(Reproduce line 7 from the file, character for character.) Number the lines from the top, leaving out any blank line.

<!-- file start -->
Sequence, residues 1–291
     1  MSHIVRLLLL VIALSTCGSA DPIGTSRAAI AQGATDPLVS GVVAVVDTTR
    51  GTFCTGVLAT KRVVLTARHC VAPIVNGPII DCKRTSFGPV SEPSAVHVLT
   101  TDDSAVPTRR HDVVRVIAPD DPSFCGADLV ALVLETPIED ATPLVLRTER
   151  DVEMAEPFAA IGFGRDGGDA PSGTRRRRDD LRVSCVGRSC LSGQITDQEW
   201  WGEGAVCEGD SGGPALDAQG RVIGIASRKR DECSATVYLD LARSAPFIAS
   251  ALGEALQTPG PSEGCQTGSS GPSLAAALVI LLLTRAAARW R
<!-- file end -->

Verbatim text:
   251  ALGEALQTPG PSEGCQTGSS GPSLAAALVI LLLTRAAARW R